Find Telecommunication expertise in New Zealand
Experts consider New Zealand’s telecommunications and internet industry to be advancing towards a ‘dynamic’ and developed market following reforms in the early 2010s (Budde, 2013). The country has grown particularly fast in the fixed broadband market, and increased 4.6% between June and December 2012. This is most likely explained by the transition from dial-up to broadband services.
The incumbent telecom provider, Telecom New Zealand, split into two separate listed companiesin 2011, forming Chorus as a result. Chorus took over the fixed line network and telecommunications infrastructure, while Telecom NZ continued as a retail and commercial operator for mobile, fixed and internet services. Telecom New Zealand was one of the first telecommunications companies in the world to become fully privatised in 1990, and continues to perform well on the New Zealand Stock Exchange. Other main mobile providers include 2degrees and Vodafone.
There are approximately 50 internet service providers in the country, with the main brands being Orcon, Paradise, Slingshot and Telstra Clear as well major mobile companies which also offer fixed and mobile broadband services such as Vodafone.
The telecommunications sector is regulated by the Commerce Commission New Zealand, which regulates a selection of industries vital to New Zealand’s infrastructure, including electricity, gas, airports and the dairy industry.
Fibre development is taking over from what was previously a market dominated by mobile and wireless broadband services. The New Zealand Government has piloted both the ultrafast broadband initiative (UFB) and regional broadband initiatives in order to connect many schools and health services to fast internet, and these technologies should help benefit the country economically too. This process is aimed to take place over the next decade, leading the industry to compete with the best countries in the world in regard to telecommunications and internet provision.
ICT is the fastest developing sub-sector, growing about 10% per annum since 2002 (The Ministry of Business, Innovation & Employment (MBIE, 2013)). It contributes approximately 5% of GDP according to a government ICT report released in July 2013, and employs 73,392 employees. This ranks in the top ten countries in the world for ICT workforce employment (2012 Global Innovation Index). The government plans to encourage better IT skilled graduates to join the fast growing industry which has increasing demand for more IT-specific employees. The Government ICT Strategy and Action Plan to 2017 proposes to move away from commodity-owned ICT assets in favour of supporting services-based digital technology to help save money and to improve the value of government information. ICT investment in schools results in projects including the Digital Opportunities initiatives (DigiOps), the Kaupapa ara Whakawhiti Mätauranga (KAWM) project and the Laptops For Teachers Scheme (TELA).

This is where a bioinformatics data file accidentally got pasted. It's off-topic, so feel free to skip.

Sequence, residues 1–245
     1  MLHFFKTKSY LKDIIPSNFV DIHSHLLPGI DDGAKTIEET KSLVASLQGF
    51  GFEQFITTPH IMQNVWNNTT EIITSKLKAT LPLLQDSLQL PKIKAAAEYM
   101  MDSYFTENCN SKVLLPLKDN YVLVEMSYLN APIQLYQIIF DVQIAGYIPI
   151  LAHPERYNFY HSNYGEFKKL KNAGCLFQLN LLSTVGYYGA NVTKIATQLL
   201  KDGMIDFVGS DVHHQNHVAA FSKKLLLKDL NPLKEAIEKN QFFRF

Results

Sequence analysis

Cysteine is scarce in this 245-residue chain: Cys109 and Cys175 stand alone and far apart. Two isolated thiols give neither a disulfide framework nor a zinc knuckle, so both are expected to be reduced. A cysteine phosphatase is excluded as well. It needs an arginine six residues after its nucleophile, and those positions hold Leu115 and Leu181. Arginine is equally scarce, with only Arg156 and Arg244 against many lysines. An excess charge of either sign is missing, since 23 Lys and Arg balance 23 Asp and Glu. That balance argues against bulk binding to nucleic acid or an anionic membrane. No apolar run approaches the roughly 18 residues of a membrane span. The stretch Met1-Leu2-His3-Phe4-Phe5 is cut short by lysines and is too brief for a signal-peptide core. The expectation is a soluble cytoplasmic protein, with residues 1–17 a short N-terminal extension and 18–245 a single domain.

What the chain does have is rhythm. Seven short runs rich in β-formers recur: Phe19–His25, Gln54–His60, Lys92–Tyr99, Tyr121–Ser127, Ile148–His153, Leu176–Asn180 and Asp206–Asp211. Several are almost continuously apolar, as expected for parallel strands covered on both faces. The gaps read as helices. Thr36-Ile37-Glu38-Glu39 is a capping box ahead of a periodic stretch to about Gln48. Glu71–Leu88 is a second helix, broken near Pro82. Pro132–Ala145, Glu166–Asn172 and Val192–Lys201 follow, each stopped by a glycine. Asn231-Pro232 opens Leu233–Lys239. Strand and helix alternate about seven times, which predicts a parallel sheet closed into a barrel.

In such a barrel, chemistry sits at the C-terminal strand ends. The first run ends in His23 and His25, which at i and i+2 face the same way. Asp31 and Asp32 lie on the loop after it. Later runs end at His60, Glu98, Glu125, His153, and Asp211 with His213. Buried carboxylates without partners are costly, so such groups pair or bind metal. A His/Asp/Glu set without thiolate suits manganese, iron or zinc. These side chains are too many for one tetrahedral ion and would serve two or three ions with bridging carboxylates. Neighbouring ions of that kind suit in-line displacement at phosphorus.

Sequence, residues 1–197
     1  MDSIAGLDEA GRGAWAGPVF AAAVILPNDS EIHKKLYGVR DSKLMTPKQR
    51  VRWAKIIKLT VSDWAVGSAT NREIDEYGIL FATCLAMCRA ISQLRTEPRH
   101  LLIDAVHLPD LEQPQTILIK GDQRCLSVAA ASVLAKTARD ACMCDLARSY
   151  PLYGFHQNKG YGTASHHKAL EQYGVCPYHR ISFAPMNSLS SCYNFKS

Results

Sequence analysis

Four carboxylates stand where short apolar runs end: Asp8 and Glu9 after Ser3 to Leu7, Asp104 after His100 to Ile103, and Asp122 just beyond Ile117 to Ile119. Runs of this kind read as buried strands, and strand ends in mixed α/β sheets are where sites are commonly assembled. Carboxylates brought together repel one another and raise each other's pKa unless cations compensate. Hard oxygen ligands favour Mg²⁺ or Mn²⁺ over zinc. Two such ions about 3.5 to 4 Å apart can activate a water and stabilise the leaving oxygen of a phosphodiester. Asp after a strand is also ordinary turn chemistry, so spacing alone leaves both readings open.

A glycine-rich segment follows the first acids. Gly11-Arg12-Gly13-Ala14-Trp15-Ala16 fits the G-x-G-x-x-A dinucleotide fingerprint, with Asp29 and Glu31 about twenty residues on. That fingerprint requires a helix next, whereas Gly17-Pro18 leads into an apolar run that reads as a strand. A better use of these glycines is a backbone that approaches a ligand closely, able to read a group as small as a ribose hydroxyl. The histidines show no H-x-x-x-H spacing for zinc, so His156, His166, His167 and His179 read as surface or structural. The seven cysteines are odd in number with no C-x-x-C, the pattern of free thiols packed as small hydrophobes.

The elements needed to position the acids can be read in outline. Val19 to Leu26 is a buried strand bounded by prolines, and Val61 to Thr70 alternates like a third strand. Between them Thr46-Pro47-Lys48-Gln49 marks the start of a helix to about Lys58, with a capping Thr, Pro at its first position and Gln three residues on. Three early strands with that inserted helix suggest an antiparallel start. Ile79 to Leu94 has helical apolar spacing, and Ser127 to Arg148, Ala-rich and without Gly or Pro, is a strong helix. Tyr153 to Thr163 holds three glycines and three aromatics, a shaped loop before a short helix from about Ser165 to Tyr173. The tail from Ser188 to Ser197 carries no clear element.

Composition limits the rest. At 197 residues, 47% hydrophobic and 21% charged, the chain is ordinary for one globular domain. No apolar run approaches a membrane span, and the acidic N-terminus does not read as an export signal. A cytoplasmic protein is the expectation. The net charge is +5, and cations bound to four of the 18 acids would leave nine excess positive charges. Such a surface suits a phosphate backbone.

According to the World Economic Forum’s Global Competitiveness Report 2013-14, there are 421 fixed lines, 1,103 mobile telephone subscriptions, 278 fixed broadband internet subscriptions and 652 mobile broadband subscriptions per 1,000 people of the population. Figures show that 89.5% of the population are internet users with an average of 31.1 kbps of international bandwidth. The internet usage figure reflects New Zealand’s highly advanced ICT sub-sector, with it ranking 8 out of 148 countries. The country continues to develop towards having one of the best telecommunications and internet industries in the world, especially since fibre optic infrastructure is in development, with the aim to complete such reforms by the end of the 2010s.
|Telecoms and Internet Service Providers organisations in New Zealand|
|Telecom NZ Ltd||